Projection Mapping
26
Nov

Three Types of AR Your Business Can Implement Today

The number of businesses adopting augmented reality has spiked over the last couple of years. Whether it’s to appease demanding consumers, to aid in employee training, or even to enhance everyday operations, augmented reality offers businesses limitless opportunities to improve.

AR is essentially the bridge between the physical and the digital worlds and is already actively being used by forward-thinking brands to give them an edge in their respective fields. In this article, we’ll be taking a closer look at these three forms of augmented reality to hopefully inspire you to incorporate this innovative technology into your existing business activities.

Marker-Based AR

Marker-based AR uses pre-determined digital “markers” that trigger events when interacting with the AR application being used. In terms of business uses, perhaps the most common example of marker-based AR is the humble barcode. For years, retailers have used barcodes as a quick way of gaining simple information on an item being scanned and, today, barcodes are rapidly becoming replaced by more modern QR codes, which provide consumers with an easy way to learn more about the product they’re scanning.

Moving away from the retail side of things, businesses have also successfully incorporated marker-based AR in conjunction with wearables like Microsoft’s HoloLens to optimize their employee training programs and offer more comprehensive learning experiences.

Markerless AR

As the name implies, markerless AR doesn’t rely on any markers to trigger AR events. Instead, the technology uses data obtained from sensors and cameras to understand a user’s surroundings and deliver appropriate responses. While perhaps the most common form of markerless AR can be found in navigation apps, businesses have started implementing this technology to help with things like real-time product visualization and advertising. Real-time product visualization has been used by brands like IKEA to allow users to use a mobile device to scan areas in their homes and virtually place furniture to give them an idea of how it would look and fit.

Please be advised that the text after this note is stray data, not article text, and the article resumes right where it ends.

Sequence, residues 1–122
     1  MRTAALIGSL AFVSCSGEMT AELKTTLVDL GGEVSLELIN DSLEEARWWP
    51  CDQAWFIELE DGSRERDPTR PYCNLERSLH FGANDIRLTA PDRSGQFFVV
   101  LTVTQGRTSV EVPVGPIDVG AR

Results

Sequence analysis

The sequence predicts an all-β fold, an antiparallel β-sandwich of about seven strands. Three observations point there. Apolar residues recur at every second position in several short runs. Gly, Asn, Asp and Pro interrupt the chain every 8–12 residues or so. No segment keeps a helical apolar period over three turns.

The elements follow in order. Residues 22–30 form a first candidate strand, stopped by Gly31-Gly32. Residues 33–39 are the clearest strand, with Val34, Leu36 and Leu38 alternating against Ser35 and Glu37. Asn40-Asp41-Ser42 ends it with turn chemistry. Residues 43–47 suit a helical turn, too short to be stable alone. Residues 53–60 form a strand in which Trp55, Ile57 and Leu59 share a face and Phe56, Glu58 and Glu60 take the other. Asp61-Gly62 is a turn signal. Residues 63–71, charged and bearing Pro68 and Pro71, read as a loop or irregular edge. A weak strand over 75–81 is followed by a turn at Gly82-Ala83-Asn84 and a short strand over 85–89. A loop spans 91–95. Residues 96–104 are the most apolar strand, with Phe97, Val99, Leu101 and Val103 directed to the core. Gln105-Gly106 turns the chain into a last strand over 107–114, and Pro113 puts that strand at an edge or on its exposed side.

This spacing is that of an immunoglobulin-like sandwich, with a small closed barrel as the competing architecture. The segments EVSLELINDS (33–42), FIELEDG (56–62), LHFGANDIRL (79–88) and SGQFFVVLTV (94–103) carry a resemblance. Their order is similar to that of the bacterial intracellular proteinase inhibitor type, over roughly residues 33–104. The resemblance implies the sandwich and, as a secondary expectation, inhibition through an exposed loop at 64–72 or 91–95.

As for advertising, markerless AR transcends marker-based AR, due to the fact that it’s not dependent on markers, and offers an interesting take on traditional print advertising. Moreover, the increasing popularity of wearables like HoloLens hint at the possibility of a future in which consumers would be able to freely pick and choose the marketing experiences they’re exposed to as they go about their daily lives.

Projection-Based AR

The most common form of projection-based AR has been in projection mapping, wherein content is projected onto real-world surfaces; adding new dimensions and changing the way we look at everyday objects. Fast forward to today and projection mapping has evolved to the point where users are even able to interact with the projections, made possible through the use of specialized projectors like Lightform. These next-gen projectors are able to project interactive elements onto practically any surface imaginable, instantly turning them into interactive elements with a whole host of potential uses.

While this form of AR is still in its early stages, there’s no doubting the myriad of opportunities it presents for business activities such as marketing and product development.   While we’ve barely scratched the surface of AR’s potential, there’s no doubting that the technology is soon to play a significant role in multiple industries. So, why not start now? Manchester-based Untitled Project are experts when it comes to HoloLens, Lightform projection, and AR in general. Get in touch with them today to find out how you can get a jump on the competition.